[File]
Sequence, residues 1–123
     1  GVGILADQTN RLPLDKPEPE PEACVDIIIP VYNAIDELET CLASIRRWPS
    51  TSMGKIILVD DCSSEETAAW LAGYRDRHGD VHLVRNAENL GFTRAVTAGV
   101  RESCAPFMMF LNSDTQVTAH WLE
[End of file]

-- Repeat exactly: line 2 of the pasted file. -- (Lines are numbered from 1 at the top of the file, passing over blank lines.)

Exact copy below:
     1  GVGILADQTN RLPLDKPEPE PEACVDIIIP VYNAIDELET CLASIRRWPS